Voters in Champaign County will have the future of education funding in their hands when they hit the polls next Tuesday. At issue is a referendum to raise the county sales tax by a penny per dollar. The money would fund school building projects, pare down debt and potentially lower property taxes. As AM 580's Tom Rogers reports, after one failed attempt, the referendum's supporters are taking nothing for granted.
Illinois Public Media News
The Champaign School Board approved layoff notices for 80 teachers and other certified employees and 22 support staff Monday night. It's an annual practice that school officials say they dislike intensely, but are required to do.
Unit Four officials say most of the employees receiving Reduction-In-Force --- or RIF notices --- will be rehired for next year. But until they find out, they're in professional limbo. The high number of RIF notices results from the requirement to inform school employees of layoffs 60 days in advance ---- before their job status for next year has been finalized.
Champaign School Board President Dave Tomlinson cast the lone vote against the RIF notices.
"I voted no, because I hate RIF's, frankly, and this is part of the job I don't want to do", Tomlinson said.
But Tomlinson says he doesn't see a realistic alternative to the RIF notices. RIFed employees likely to be rehired are those who work parttime, are paid with grant money, were hired at the last minute, or have to comply with new certification rules.
The number of RIF notices sent out by Unit Four is roughly the same as last year, with just a handful of them representing jobs that have been definitely eliminated. Assistant Superintendent Beth Shepperd says that number could go up for next year, when school officials may have to cut additional jobs to deal with a projected decline in property tax revenue.
In Urbana, the District 116 school board sent out RIF notices to 52 teachers last week, and will vote on about five more next week.
CORRECTION: WILL broadcast reports on this story had incorrectly described the 80 certified employees receiving RIF notices as being all teachers, and put the number of support staff getting RIF notices at 23.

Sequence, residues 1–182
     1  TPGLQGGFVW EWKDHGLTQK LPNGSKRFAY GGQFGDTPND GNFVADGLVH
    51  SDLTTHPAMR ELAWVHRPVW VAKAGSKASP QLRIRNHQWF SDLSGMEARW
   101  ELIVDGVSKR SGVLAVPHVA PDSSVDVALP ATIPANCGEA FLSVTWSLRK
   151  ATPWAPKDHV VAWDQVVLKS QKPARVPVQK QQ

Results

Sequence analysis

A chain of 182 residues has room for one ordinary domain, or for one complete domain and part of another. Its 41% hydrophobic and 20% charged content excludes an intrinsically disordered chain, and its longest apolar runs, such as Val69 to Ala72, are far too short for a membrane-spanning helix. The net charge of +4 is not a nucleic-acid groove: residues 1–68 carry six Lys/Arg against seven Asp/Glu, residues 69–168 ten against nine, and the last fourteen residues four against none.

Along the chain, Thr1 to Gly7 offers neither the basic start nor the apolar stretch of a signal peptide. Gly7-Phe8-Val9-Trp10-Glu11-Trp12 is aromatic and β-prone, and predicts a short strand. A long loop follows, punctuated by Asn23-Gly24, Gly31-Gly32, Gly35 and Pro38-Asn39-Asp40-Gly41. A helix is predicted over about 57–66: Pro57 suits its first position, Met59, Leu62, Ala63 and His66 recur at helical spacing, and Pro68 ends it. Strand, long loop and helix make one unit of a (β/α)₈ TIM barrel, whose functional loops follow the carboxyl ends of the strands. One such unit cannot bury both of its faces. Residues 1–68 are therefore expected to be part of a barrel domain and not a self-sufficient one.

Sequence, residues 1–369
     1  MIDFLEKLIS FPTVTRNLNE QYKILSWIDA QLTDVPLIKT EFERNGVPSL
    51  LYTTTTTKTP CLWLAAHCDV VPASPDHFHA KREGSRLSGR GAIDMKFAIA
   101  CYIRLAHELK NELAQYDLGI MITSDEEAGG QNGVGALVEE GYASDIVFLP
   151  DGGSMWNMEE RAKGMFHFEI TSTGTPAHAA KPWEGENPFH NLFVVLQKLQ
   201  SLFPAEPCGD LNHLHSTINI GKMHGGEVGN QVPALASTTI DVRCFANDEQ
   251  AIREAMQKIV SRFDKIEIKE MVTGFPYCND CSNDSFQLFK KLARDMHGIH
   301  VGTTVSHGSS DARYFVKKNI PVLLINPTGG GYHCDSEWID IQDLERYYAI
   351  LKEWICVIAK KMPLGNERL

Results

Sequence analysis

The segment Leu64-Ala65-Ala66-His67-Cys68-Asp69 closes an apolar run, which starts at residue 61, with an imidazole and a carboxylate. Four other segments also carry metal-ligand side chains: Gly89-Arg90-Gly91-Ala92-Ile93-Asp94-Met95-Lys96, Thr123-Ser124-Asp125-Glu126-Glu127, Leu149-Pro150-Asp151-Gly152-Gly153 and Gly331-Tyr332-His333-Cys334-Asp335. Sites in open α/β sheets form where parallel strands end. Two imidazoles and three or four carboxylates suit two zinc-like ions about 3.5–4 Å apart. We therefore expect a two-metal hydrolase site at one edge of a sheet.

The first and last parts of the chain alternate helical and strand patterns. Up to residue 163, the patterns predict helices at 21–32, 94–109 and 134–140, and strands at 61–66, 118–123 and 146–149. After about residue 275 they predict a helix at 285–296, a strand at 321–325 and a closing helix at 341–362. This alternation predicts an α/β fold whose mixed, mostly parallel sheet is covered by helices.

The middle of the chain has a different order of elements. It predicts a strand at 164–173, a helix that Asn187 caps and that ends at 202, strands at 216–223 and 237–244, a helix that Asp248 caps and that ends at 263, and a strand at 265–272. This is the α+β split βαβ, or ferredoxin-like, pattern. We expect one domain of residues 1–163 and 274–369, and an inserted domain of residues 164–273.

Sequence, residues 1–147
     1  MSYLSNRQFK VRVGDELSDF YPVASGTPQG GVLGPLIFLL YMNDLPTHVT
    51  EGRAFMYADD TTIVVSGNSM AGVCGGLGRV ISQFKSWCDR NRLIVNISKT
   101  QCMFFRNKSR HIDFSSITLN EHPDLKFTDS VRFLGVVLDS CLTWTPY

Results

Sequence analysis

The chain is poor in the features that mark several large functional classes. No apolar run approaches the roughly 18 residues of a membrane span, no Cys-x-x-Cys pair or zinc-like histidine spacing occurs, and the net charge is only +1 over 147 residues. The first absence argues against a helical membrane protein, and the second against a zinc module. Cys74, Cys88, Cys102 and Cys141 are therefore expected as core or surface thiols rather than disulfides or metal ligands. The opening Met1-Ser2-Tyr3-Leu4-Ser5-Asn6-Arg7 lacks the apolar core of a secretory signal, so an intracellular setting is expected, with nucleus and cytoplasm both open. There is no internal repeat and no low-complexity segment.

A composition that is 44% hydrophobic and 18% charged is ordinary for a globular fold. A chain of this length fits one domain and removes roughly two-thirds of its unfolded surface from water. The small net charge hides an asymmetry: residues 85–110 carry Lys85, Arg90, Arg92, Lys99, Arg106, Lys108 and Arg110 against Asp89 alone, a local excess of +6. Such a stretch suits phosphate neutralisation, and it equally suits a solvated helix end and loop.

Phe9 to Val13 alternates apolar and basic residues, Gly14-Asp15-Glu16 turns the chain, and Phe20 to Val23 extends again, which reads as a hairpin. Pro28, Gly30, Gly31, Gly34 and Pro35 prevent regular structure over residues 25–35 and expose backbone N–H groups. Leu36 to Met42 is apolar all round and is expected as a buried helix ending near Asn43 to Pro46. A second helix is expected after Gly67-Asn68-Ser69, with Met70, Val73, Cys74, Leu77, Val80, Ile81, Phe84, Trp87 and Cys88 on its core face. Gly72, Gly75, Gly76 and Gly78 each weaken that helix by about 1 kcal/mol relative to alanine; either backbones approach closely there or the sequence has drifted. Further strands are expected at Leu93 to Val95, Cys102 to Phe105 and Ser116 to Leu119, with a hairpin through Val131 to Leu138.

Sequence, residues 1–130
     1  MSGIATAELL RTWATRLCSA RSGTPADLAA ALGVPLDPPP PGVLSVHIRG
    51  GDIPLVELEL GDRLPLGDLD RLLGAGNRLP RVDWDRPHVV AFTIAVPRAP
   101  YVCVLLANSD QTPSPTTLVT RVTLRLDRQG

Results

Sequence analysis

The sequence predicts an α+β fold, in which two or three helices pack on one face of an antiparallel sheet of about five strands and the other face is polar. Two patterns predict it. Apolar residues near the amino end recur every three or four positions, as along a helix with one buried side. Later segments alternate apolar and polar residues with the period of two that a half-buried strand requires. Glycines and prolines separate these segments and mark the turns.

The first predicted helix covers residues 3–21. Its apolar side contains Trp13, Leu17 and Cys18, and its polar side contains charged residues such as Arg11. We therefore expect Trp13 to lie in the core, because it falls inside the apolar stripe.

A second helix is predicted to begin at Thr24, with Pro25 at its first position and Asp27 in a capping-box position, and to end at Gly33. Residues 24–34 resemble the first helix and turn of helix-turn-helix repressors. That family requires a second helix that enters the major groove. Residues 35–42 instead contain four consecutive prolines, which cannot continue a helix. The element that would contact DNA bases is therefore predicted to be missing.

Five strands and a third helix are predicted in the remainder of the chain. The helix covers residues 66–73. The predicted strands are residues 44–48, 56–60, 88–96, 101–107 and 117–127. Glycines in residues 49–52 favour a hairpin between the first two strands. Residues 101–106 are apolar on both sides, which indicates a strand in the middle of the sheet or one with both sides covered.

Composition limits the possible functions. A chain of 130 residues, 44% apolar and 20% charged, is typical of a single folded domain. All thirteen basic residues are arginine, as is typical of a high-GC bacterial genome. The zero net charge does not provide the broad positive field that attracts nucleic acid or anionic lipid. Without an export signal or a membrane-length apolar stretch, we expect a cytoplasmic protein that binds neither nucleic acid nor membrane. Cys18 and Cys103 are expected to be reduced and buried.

A $12 million bequest from a 1944 University of Illinois graduate will serve as a boost to areas in agriculture and liberal arts.
The gift comes from Arlys Streitmatter Conrad, who died in 2007. She lived in Speer, a small town near Peoria. She was the daughter of a farmer and teacher and wanted to honor both of her parents. So the money will be split between the College of Liberal Arts and Sciences and the College of Agricultural, Consumer and Environmental Sciences, or ACES.
Former ACES Associate Dean and U of I fundraiser Lynette Marshall also grew up in Speer, Illinois, where she says their families were connected. She and Conrad worked for more than 20 years to help establish a scholarship in Conrad's name, aimed at a junior and senior who planned careers in farming. Marshall also helped set up the financial donation. She says Conrad was happiest when talking with scholarship winners.
"In particular, young people who were hoping to go back to the farm and engage in production agriculture in her agricultural scholarships, or students that she met in the Department of English, when she felt like they really understood her goals for recognizing her mother in that way," says Marshall.
Marshall, who's now with the University of Iowa Foundation, calls Conrad a 'life-long learner' with an unending devotion to the U of I. Conrad attended the university on a 4-year scholarship, and her career included work with the U of I Airport and Alumni Association, and S and C Electric Company in Chicago, where she met her future husband, John Conrad. The 12-million dollar bequest will be part of the University of Illinois Foundation's $2.25 billion 'Brilliant Futures' campaign.
It didn't take long for organizers of the first-ever Illinois Marathon to find the volunteers they needed.
The marathon will be held on the streets of Champaign, Urbana and the U of I campus on the day before Easter. But local police said organizers needed to show by April 1st that they had 350 volunteers ready to help with traffic control, if they wanted to keep their special-events permits.
Marathon volunteer coordinator Mary Anderson says they issued the call for help on Monday, and by Tuesday night, they had enough volunteers signed up to ensure the race will take place. She says they're grateful for the response, but they could still use even more volunteers. Anderson says nearly 8-thousand runners have signed up for the Illinois Marathon and its related races --- and they'll need a total of 2-thousand volunteers. Volunteers will help staff the marathon and related events on Friday and Saturday, April 10th and 11th.